The Windows 2000 or Windows XP do not support the Diffie-Hellman group 2048. You should use the Diffie-Hellman group 2, if you are concerned with interoperability with these operating systems. You should not use the DiffieHellman group 1, if you want to provide enhanced IKE security. You should try to use the Diffie-Hellman group 2048 whenever possible. The Windows 2000 does not provide the 3DES encryption algorithm unless you install the Service Pack 2. If a computer running Windows 2000 receives a 3DES setting, but does not have the High Encryption Pack or Service Pack 2 (or later) installed, the 3DES setting in the security method is set to the weaker DES in order to provide some level of confidentiality for communication, rather than block all communications. However, you should only use the DES as a fallback option if there are some computers in your environment that do not support the use of the 3DES. Computers running the Windows XP or Windows Server 2003
operating system support the 3DES and do not require installation of the High Encryption Pack.11 Once you configure these options, you should remember to check the Session key perfect forward secrecy (PFS) box to enable this function.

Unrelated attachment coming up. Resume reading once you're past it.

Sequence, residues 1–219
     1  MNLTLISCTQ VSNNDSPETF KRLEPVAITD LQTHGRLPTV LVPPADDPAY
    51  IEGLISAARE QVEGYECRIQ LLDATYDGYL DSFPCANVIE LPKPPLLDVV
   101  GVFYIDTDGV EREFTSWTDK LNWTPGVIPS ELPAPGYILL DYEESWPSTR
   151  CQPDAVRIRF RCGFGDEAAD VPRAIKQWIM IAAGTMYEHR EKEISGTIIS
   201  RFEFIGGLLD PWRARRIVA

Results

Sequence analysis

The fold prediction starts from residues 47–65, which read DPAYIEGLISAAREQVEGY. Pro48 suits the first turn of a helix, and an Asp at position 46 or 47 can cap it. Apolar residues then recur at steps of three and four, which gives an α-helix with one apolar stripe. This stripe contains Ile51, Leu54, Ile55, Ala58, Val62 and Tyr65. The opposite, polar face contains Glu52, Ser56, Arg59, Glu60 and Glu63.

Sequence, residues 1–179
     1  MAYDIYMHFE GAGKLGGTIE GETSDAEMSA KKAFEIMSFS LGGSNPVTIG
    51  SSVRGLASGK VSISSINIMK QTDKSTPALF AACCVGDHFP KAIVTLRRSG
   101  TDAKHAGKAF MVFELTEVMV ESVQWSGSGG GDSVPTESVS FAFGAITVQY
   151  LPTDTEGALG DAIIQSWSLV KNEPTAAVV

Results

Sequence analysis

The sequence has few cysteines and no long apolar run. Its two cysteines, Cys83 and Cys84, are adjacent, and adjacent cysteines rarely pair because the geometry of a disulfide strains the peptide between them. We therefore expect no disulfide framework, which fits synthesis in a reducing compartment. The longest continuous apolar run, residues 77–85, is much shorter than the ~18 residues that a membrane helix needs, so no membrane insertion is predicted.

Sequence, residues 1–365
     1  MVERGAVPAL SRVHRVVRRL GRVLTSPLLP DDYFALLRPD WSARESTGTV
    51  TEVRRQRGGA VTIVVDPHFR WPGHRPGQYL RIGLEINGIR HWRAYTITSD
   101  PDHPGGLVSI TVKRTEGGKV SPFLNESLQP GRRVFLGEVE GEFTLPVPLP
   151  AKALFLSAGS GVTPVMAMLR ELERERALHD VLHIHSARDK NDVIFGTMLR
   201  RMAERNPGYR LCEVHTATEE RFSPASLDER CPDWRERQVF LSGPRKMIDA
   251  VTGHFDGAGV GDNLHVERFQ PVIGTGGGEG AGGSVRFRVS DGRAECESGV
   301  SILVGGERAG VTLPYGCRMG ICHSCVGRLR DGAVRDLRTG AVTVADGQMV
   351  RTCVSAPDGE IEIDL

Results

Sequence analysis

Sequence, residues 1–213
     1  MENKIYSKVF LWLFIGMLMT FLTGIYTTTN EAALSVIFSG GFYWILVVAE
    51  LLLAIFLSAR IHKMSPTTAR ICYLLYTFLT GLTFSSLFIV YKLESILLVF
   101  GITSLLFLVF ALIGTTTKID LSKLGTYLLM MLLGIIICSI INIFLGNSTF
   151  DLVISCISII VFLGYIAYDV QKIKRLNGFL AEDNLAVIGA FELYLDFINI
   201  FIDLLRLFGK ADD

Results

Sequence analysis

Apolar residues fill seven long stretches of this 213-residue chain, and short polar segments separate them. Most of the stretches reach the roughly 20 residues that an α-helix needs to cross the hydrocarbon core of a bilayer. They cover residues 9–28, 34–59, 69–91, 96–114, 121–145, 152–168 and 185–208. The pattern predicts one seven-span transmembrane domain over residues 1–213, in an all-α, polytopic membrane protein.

If you decide to enable the Session key perfect forward secrecy (PFS) for default IPSec policies, you should enter the <Dynamic> filter for each of them and check the Session key perfect forward secrecy (PFS) box.
The Authentication Method tab specifies how the trust is established between IPSec computers. These methods are used during IPSec negotiations. You are allowed to have multiple authentication settings. They can be moved up or down depending on which of them you want to use first. However, the default setting is Kerberos v5, which requires the Active Directory.
The Tunnel Setting tab allows you to set up the IPSec in the tunnel mode.
The default setting is the This rule does not specify an IPSec tunnel. If you wish to set an IPSec tunnel, you must enter the IP address of the IPSec device that is on the other end of the tunnel. Usually, it is an IP address of the IPSec enabled firewall.
The Connection Type tab allows you to specify a type of the connection you want to establish.
You have three choices: • • • All network connections Local area network (LAN) Remote Access